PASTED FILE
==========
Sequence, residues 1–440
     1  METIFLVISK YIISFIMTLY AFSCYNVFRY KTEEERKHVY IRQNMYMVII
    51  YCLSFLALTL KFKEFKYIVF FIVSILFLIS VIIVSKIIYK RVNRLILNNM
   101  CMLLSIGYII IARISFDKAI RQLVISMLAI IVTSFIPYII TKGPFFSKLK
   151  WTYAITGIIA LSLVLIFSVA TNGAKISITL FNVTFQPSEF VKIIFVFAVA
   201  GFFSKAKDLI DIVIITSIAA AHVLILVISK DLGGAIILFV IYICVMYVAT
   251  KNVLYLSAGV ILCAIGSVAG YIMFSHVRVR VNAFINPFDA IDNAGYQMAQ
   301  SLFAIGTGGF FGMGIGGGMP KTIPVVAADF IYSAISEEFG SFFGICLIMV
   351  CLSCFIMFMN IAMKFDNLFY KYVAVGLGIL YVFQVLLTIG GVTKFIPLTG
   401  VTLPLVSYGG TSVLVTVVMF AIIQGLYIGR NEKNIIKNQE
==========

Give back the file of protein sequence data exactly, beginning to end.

Sequence, residues 1–440
     1  METIFLVISK YIISFIMTLY AFSCYNVFRY KTEEERKHVY IRQNMYMVII
    51  YCLSFLALTL KFKEFKYIVF FIVSILFLIS VIIVSKIIYK RVNRLILNNM
   101  CMLLSIGYII IARISFDKAI RQLVISMLAI IVTSFIPYII TKGPFFSKLK
   151  WTYAITGIIA LSLVLIFSVA TNGAKISITL FNVTFQPSEF VKIIFVFAVA
   201  GFFSKAKDLI DIVIITSIAA AHVLILVISK DLGGAIILFV IYICVMYVAT
   251  KNVLYLSAGV ILCAIGSVAG YIMFSHVRVR VNAFINPFDA IDNAGYQMAQ
   301  SLFAIGTGGF FGMGIGGGMP KTIPVVAADF IYSAISEEFG SFFGICLIMV
   351  CLSCFIMFMN IAMKFDNLFY KYVAVGLGIL YVFQVLLTIG GVTKFIPLTG
   401  VTLPLVSYGG TSVLVTVVMF AIIQGLYIGR NEKNIIKNQE